Why Support Detoxification Before Trying to Conceive

Why Support Detoxification Before Trying to Conceive

By: Bonnie Burgess

If fertility is on your mind, one of the best things you can do to prepare is to support your body’s natural detoxification processes.

Detoxification is a function of natural bodily processes.

The hitch is that the world we live in puts an extra burden on these innate detoxification processes. We have to deal with heavy pollution, processed food with manufactured additives and preservatives, and manufactured chemicals in our environment. This is especially true if you live in the United States where we have banned a small fraction of what the European Union has deemed harmful to the public.[1]

Many feel this extra burden later in life as it contributes to chronic disease. However, you may be impacted well before you notice symptoms. In fact, impaired detoxification affects fertility. It disrupts hormone balance and increases inflammation.

Disrupts hormone balance

Endocrine-disrupting chemicals, or EDCs, are an unfortunate reality of living in our modern world. They’re found in items like cosmetics, our food packaging, nonstick pans, mattresses, carpet and electronics. In fact, there are over 700 estrogen-mimicking chemicals which can dramatically increase estrogen levels relative to other hormones in the body. Some, like PFOS and PFAS decrease testosterone levels which impact male fertility.[2]

We are exposed to EDCs on a daily basis, and even low doses of exposure can have an impact capable of influencing our hormones. Our thyroid, metabolic, and sex hormone signaling are at risk for disruption, directly affecting reproductive processes. For example, flame retardants have been associated with thyroid disease, and phthalate exposure interferes with androgen production. While that certainly doesn’t sound good, studies have investigated exposure to flame retardants and to phthalates, chemicals commonly found in flexible plastic. Both may negatively affect success rates of IVF[3].

Increases inflammation

With a burden of toxins that exceeds our detoxification capacity, they accumulate in our system. Both the cache of toxins and the processes to deal with them are stressful on the body. This stress interferes with hormone function and contributes to chronic inflammation. Inflammation is a factor in many of the conditions which commonly affect fertility, including; polycystic ovarian syndrome (PCOS,) endometriosis, and repeat pregnancy loss (RPL.)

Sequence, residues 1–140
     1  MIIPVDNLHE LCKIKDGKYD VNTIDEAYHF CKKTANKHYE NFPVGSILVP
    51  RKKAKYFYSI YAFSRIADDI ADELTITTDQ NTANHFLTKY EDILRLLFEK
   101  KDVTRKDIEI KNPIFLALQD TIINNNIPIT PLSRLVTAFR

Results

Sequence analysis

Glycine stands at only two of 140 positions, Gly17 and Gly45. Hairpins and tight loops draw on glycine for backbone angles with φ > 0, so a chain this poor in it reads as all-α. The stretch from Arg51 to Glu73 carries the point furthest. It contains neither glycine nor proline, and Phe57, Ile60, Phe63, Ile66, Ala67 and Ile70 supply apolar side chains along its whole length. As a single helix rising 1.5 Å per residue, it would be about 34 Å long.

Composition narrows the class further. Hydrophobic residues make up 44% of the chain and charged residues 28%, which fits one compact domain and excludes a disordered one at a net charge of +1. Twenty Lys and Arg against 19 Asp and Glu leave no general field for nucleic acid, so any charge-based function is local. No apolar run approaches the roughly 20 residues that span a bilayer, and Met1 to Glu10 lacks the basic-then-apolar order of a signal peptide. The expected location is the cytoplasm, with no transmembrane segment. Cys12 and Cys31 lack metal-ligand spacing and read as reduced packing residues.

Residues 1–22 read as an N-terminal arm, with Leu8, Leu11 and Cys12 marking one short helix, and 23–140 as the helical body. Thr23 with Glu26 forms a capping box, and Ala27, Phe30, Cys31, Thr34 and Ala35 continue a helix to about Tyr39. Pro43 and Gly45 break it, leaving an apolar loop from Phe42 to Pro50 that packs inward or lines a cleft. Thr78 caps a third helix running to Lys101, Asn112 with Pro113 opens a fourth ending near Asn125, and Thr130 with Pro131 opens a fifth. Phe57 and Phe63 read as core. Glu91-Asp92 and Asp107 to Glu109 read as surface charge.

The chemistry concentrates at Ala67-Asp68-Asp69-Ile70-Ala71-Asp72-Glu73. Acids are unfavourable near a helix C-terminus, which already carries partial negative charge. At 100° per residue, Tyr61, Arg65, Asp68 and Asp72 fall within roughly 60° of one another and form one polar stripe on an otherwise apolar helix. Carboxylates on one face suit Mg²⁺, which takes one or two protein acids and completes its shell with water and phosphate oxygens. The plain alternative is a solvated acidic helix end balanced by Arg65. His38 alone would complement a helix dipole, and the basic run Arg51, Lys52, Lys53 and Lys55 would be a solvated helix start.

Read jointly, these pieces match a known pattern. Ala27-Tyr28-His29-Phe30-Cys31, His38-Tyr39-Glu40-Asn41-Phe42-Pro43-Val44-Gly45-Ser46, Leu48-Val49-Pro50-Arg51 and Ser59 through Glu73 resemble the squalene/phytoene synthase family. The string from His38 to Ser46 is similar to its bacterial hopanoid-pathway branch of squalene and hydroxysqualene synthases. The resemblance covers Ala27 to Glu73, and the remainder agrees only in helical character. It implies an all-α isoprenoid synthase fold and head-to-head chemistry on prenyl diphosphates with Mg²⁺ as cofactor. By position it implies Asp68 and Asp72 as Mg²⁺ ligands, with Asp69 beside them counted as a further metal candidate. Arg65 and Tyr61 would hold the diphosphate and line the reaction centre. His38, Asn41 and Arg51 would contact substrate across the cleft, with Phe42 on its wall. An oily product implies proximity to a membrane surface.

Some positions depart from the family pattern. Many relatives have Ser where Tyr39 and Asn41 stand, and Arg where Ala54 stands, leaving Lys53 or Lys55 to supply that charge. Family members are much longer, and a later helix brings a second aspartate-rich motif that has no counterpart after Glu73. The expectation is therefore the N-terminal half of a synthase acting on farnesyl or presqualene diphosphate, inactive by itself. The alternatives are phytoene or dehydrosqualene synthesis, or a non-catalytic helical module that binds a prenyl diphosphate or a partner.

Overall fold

Affects baby’s health

Unfortunately, the impact of toxin exposure doesn’t end with conception. It can also affect a baby’s health. Stored chemicals in the body can easily cross the placenta and affect the baby in the uterus. Some of the effects include; low birth weight, breastfeeding challenges, and cognitive development[4].

What can you do?

Reducing your exposure is one important strategy, but EDCs are so pervasive that avoiding all exposure is unlikely. Supporting your body’s detoxification processes is the other critical strategy to reduce their negative effects:

1. Take care of these 5 easy, everyday changes to make to your diet and lifestyle.

2. Support detoxification with an intentional 10-day program, like Replenish & Reset: A 10 Day Real Food Reset.

Bonnie Burgess - Burgess WellnessWe’d like to offer $20 off Replenish & Reset (levels 1 and 2) which begins August 21st.

Pre-register with the code “Lokahi” in the message field.

For any questions about the program, you can reach Bonnie Burgess at bonnie@burgesswellness.com.



Bonnie is a holistic functional nutritionist who specializes in women’s health and fertility including patients undergoing ART. She uses a “food first” approach to determine individual nutritional needs coupled with lifestyle modifications and possible nutrient supplementation. Bonnie lives in the San Francisco Bay Area where she serves an international client base through a 100% virtual consultancy at Burgess Wellness.


[1] https://www.theguardian.com/us-news/2019/may/22/chemicals-in-cosmetics-us-restricted-eu

[2] https://www.ncbi.nlm.nih.gov/pmc/articles/PMC8038605/

[3] https://pubmed.ncbi.nlm.nih.gov/28858831/


[4] https://pubmed.ncbi.nlm.nih.gov/26955061/